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Create alerts for long-running backups on Azure


This post explores how to monitor Microsoft® Azure® server backups and, if the backups run long, use Log Analytics to trigger an alert on the servers.

Teaser: The post unveils new features of Azure Backup Report and Azure Monitor and offers some fancy Kusto Query Language (KQL) operations.

Introduction

Why should you set an alert for long-running server backups?

DevOps and Azure admin engineers have many virtual machines to manage, routine tasks to perform, and troubleshooting efforts to undertake. You can’t manually check every function on every VM, so you might miss unexpected behavior such as a long-running Azure backup, which can be serious. Automated alerts call problems to your attention.

To make this topic easy to understand, I am dividing the process into the following three parts:

  1. Enable Backup Report.
  2. Write a KQL query to check long-running server backups.
  3. Configure an alert for long-running server backups.

Enable Backup Report

Note: This post assumes you already use Recovery Services vaults to back up your Azure infrastructure.

Use the following steps to enable an Azure Backup report:

1: Log in to the portal

Log in to the Azure portal, click the All services blade, and search for Recovery Services vaults.

2: Select a vault

Select one of the recovery service vaults on which to enable Backup Report and monitor backup duration.

3: Choose Backup Report

Click the recovery vault blade, Backup Reports, and click Diagnostics Settings.

Note: The preview Backup Reports feature might not be available in some regions.

4: Configure Backup Report

To configure Backup Report, click on Add diagnostic setting.

5: Enable log streaming

You can stream backup logs to Azure Event Hubs, a storage account, or Log Analytics. In this example, I chose Log Analytics.

To enable backup log streaming, fill in the name of the report, check Send to Log Analytics, check AzureBackupReport in the Log section, and click Save.

The portal displays your report, as shown in the following image:

KQL query to monitor server backups

This section introduces the following KQL query for long-running Azure server backups:

AzureDiagnostics
| where TimeGenerated > ago(1d)
| where Category == “AzureBackupReport”
| where OperationName == “Job”
| where todouble(DataTransferredInMB_s)>1
| extend Report_Running_Time_UTC= TimeGenerated
| extend Backup_Job_Start_Time = JobStartDateTime_s

// If you want time in AM or PM format and want to make more readable, uncomment the following line by removing //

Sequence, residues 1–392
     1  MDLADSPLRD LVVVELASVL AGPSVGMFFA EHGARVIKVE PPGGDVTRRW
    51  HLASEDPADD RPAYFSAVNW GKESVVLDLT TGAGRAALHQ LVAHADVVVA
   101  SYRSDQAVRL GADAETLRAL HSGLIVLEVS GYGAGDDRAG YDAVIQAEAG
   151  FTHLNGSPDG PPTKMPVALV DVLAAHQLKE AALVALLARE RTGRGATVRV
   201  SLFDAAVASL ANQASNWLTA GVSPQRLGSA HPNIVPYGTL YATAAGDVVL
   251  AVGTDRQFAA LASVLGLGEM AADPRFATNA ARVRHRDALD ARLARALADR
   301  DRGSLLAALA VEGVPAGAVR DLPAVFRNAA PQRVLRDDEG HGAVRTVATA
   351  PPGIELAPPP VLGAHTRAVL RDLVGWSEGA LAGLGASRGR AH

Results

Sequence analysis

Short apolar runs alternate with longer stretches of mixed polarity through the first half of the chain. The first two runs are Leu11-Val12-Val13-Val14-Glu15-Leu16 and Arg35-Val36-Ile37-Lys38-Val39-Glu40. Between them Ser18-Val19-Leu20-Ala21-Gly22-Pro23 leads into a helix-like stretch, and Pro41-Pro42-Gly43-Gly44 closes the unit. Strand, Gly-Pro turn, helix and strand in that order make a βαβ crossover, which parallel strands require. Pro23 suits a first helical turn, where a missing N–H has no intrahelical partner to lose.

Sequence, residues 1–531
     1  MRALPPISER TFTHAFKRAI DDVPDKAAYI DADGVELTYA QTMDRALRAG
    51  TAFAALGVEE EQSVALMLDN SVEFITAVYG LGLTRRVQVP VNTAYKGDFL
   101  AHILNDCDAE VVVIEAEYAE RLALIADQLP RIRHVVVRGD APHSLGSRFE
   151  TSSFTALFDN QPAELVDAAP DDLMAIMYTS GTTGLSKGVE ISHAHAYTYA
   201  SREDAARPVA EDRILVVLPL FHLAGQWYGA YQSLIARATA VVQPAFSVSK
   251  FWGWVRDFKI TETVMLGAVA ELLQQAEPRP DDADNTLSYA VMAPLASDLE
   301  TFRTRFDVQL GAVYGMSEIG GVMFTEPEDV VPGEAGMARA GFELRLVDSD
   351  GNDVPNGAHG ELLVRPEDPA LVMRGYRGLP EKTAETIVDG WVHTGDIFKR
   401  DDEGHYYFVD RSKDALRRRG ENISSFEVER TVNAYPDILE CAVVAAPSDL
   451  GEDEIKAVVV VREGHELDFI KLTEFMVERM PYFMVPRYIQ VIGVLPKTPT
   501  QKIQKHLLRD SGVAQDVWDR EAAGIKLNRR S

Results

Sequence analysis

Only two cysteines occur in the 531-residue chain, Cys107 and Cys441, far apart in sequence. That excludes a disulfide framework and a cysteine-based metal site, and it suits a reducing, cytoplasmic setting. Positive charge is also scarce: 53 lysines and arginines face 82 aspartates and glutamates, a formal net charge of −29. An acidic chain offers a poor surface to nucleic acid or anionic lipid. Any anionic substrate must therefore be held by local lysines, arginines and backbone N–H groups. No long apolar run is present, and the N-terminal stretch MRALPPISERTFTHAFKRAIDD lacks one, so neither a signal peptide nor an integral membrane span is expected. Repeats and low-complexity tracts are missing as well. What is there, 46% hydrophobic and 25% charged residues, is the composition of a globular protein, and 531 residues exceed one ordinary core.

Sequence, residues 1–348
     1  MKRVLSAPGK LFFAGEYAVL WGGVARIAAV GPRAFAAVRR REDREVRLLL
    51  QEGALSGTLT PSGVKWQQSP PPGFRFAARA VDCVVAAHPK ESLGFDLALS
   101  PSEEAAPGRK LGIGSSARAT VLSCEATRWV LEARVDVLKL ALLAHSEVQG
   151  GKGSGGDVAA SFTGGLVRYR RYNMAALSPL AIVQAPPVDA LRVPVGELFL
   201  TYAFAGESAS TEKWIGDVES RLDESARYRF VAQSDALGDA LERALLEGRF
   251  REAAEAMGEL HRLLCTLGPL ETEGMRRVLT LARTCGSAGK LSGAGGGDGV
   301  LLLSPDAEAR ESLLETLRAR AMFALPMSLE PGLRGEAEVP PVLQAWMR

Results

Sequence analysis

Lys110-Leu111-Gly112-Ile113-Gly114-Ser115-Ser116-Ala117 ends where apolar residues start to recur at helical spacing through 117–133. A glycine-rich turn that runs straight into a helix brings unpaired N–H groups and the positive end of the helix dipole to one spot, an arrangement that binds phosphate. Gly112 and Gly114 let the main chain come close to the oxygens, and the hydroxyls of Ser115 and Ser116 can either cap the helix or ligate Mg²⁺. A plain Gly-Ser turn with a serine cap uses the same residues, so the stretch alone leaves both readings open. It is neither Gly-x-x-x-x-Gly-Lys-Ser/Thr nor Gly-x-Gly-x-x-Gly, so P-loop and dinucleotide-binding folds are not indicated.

//| where (Backup_Job_Start_Time contains “AM” or Backup_Job_Start_Time contains “PM”)

| extend DataTransferedGB = todouble(DataTransferredInMB_s)/1024
| extend JobDurationHour = todouble(JobDurationInSecs_s)/3600
| where JobDurationHour > 3
| extend Vault_Name = split(ResourceId, ‘/’)[-1]
| extend Server_Name = split(BackupItemUniqueId_s, ‘;’)[-1]
| project Report_Running_Time_UTC, Backup_Job_Start_Time, SubscriptionId, JobOperation_s, JobStatus_s, DataTransferedGB, JobDurationHour, ResourceGroup, Server_Name, Vault_Name, Level

In case you’re not familiar with KQL, let me explain the important elements of this query.

The query examines the last day of Azure backup data (where TimeGenerated > ago(1d)) to find jobs that took longer than three hours to complete (where JobDurationHour > 3).

You can change the number of hours, which is three in this case, to whatever number you consider to be too long.

Configure an alert

Glad you made it this far—read on for the best part!

Use the following steps to set an alert for long-running backups:

Open the Log Search section of the Log Analytics workspace that you selected during the report configuration.

2: Paste the KQL query

Copy and paste the preceding KQL query in the Query tab and click Run.

Servers that took longer than three hours to complete display, as shown in the following output:

3: Create a new alert

To set an alert for these servers, click New Alert Rule.

4: Configure the new alert

Under Condition, enter the threshold value with the count. I chose 1 because I want to create an alert on every server and result.

Note: You can also change the Period and Frequency of the alert, as needed.

Configure other alert requirements, such as alert name, action group (email recipient), webhooks, and other conditions.

Conclusion

That’s all there is to it. This post shows you how to configure an alert on Azure VM backups that take longer than three hours. The alert sends a notification email with all the details. With that information, you can take the appropriate action.

Learn more about our managed Azure cloud.

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post avatar
Gourav Kumar

An Azure professional, blog writer, and community contributor who is passionate about PowerShell, I’m also learning Terraform and forging my path to be on top.

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